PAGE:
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Bob Stoops on Oklahoma Coaching Controversy: 'It Kills Me'

The Sooners' Hall of Fame coach expressed personal sadness but said there's no right side or wrong side and said everyone, including the fan base, needs to be unified.

Former Oklahoma coach Bob Stoops is torn by the current controversy at OU.

On one side, beloved assistant coach Cale Gundy is out of a job and his reputation is tarnished. On the other side, head coach and long-time Stoops aide Brent Venables had to make a difficult and unpopular decision.

“It’s unfortunate, it's sad,” he said Tuesday. “It kills me.”

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Stoops spoke during his usual segment Tuesday afternoon on KREF am1400 in Norman.

While the fan base seems largely divided about the whole incident, Stoops said that’s to be expected — but the divide can be repaired and both sides need to be brought together for the good of the program.

“You can't have a side. There is no good side. There's no right or wrong side,” Stoops said. “It's a very, you know, just unfortunate situation.

“Hard to talk about, really. Just, you know, torn apart. It just hurts. It's tough.”

Cale Gundy and Bob Stoops in 2014

Cale Gundy and Bob Stoops in 2014

Stoops said several times of Gundy, “I love him to death,” but having sat in the big chair at OU, the Hall of Fame coach knows how personally difficult it was for Venables to make the decision he made.

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“Brent didn’t create the situation,” Stoops said. “He's charged with leading the program forward. And I know what that's like.”

Gundy, the Sooners’ quarterback under Gary Gibbs from 1990-93, was the third coach Stoops added to his staff when he got the OU job on Dec. 1, 1998, behind strength coach Jerry Schmidt and Texas recruiting ace Bobby Jack Wright. Stoops commended Gundy for all the “blood sweat and tears” and everything else he’s “put into this program. No one's done more. I mean, he's been incredible.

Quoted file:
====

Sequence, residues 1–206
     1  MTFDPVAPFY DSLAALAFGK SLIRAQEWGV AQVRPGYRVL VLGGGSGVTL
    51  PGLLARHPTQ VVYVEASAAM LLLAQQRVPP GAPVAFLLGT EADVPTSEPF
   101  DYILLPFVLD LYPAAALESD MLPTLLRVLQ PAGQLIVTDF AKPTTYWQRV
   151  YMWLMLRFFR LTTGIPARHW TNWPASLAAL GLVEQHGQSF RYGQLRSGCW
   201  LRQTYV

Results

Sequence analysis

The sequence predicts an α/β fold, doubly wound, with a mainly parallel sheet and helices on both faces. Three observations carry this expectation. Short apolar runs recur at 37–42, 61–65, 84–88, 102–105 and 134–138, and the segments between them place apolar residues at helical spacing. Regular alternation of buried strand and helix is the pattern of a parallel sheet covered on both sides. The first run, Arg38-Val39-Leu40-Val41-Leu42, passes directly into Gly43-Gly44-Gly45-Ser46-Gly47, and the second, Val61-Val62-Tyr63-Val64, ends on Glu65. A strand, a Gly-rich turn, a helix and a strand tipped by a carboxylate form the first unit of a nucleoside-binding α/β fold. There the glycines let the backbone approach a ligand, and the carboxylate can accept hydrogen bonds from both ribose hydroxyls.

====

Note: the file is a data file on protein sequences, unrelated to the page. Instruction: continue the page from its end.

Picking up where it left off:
“But, you know, we all know in every occupation you might be in, one wrong moment or incident can have severe consequences. Every occupation. And sadly, in a moment of, whether it be poor judgment or awareness, he created an incident that has led to these consequences.

“That being said, that one moment doesn't define Cale as a person or his character and heart. We know Cale’s character and heart (have) always been for his players.”

FB - Cale Gundy, Brent Venables, 2022 Spring Practice

Cale Gundy and Brent Venables

The incident happened Friday, and Gundy publicly resigned on Sunday night. Venables issued an immediate statement accepting his resignation, then on Monday issued another statement clarifying why Gundy had to resign — for using a “racially charged” word “multiple times” as he interacted with his receiver corps in the meeting room.

It’s still a major topic of discussion as of Tuesday night, and probably will linger in some manner throughout the upcoming football season — and maybe beyond.

But the best thing for everyone now, Stoops said, is to come together and move forward.

“Whatever side someone's trying to be on,” Stoops said, “you need to take a considerable amount of time and understand all the parties involved and what they're doing within their side.

“The very best way for everybody, all these parties, everybody involved, to move forward, even the fan base to move forward, is to have a degree of understanding for everything, for all parties, and to let it go and then move forward. Because it isn't going to change. It is what it is, and it's unfortunate, it's sad, it kills me. But, again, there is no good position on this. You just have to move forward. And again, have an understanding for all involved.”

Bob Stoops at the Alamo Bowl

Bob Stoops at the Alamo Bowl